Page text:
It is the US government’s barbaric practices that have evoked worldwide revulsion and hatred—not their exposure by human rights organizations or, far more rarely, media outlets. The claim by Bush administration officials that Newsweek’s one reference to the alleged Koran flushing incident was solely responsible for anti-American riots was absurd. It was, however, given a measure of credibility by Newsweek’s rush to accept culpability.

Following publication of the Newsweek story, the military launched its own inquiry into the Koran abuse allegations. Last Thursday, Brig. Gen. Hood held a Pentagon news briefing on its preliminary findings. The event was a classic example of the doublespeak and evasion that have become the stock-in-trade of the Bush administration.

Gen. Hood assured the assembled reporters: “I’d like you to know that we have found no credible evidence that a member of the Joint Task Force at Guantánamo Bay ever flushed a Koran down a toilet.”

The inquiry did, however, uncover 13 reported incidents in which a guard or an interrogator mishandled the Koran, Hood acknowledged. He claimed investigators had substantiated that the Koran had actually been mishandled in only five of these cases, and that “none of these five incidents was a result of a failure to follow standard operating procedures in place at the time the incident occurred.”

Hood claimed that a re-interview of the detainee cited by the ACLU as having witnessed the Koran-flushing incident undermined the story. He said investigators asked this prisoner whether he had personally seen any such abuse of the Koran, “and he allowed as how he hadn’t but he had heard guards—that guards at some other point in time had done this.”

Hood said the detainee was not specifically asked about the toilet incident, nor did investigators mention his previous interview. The statements of this prisoner—which have not been released to the press—to the effect that he had heard of these practices, but had not personally witnessed them, are the supposed “credible evidence” that they never took place!

For its part, Newsweek has chimed in with a new article on the topic, posted online and slated for its May 30 issue. Titled “The Qur’an Question,” and penned by Evan Thomas and Michael Isikoff, the author of the May 9 article, the piece goes out of its way to accommodate the Pentagon line. It carries the subtitle, “In 31,000 documents the Pentagon has reviewed, there are allegations—but Defense says none is substantiated.”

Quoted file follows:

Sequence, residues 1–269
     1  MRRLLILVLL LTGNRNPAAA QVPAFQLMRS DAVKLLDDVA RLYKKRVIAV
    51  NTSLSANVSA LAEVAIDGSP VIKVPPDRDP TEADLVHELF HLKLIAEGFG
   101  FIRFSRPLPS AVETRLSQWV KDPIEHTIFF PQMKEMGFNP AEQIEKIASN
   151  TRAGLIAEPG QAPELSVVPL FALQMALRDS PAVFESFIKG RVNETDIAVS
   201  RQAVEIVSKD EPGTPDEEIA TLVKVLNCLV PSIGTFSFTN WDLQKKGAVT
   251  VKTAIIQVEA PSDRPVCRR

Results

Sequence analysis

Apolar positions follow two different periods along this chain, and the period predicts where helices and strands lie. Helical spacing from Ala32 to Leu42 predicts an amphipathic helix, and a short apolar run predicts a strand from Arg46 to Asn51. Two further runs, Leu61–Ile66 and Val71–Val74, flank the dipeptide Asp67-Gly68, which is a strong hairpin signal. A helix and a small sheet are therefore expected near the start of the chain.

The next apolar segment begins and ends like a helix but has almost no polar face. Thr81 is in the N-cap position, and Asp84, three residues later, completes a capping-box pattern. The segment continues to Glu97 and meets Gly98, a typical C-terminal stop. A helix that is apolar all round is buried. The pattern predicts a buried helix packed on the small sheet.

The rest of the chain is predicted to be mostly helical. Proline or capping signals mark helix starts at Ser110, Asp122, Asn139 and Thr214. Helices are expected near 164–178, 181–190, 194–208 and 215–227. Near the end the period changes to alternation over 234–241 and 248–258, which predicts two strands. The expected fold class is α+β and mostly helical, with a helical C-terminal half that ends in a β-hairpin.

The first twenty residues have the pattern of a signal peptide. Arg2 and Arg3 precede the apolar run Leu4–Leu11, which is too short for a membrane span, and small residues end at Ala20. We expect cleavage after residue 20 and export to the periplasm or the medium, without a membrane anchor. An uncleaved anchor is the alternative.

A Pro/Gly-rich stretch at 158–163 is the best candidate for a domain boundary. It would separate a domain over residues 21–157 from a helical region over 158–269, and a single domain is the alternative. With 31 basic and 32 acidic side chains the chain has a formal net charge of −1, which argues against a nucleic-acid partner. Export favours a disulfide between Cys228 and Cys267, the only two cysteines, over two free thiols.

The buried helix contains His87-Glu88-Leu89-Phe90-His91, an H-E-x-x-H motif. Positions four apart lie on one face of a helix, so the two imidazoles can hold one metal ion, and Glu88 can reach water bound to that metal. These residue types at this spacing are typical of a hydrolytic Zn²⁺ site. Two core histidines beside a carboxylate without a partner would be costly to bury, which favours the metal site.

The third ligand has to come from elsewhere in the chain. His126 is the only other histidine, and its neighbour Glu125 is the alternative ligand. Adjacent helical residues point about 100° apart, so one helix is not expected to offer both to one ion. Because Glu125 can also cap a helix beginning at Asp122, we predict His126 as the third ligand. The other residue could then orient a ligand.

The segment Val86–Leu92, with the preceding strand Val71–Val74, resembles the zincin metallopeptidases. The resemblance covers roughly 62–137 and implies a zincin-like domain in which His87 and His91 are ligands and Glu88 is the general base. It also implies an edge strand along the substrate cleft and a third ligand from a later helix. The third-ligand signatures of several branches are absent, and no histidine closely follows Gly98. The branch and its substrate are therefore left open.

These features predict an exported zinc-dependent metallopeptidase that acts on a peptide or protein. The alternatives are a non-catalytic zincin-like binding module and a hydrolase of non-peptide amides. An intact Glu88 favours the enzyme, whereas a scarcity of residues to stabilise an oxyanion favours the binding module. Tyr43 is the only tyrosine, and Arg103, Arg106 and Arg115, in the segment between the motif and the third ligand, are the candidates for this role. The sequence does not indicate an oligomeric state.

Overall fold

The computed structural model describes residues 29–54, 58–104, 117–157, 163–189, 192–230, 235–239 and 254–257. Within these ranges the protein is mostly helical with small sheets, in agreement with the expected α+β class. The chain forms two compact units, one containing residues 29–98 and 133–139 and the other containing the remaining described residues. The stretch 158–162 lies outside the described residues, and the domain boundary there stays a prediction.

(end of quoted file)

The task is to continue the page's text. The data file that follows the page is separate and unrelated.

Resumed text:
The article relies heavily on the statements of Defense Department spokesman Lawrence Di Rita. It should be noted that this is the same person who in a May 17 press conference dismissed out of hand allegations by former detainees that the Koran had been mishandled and abused at Guantánamo. He said that there hadn’t been any previous investigations “because there haven’t been credible allegations to that effect.” In other words, the charges of former prisoners were not even worthy of investigation.

After explaining guidelines introduced at Guantánamo in January 2003 to respect the Koran, the article concludes: “The Pentagon is not ruling out the possibility of finding credible reports of Qur’an desecration. But so far, said Di Rita, it has not found any.”

Having issued a cowardly apology for printing what was, in essence, a legitimate story, Newsweek’s editors are seeking to further atone for their sins by uncritically toeing the government’s line. Their subservient behavior is but one more demonstration of the spineless and reactionary role of the US media.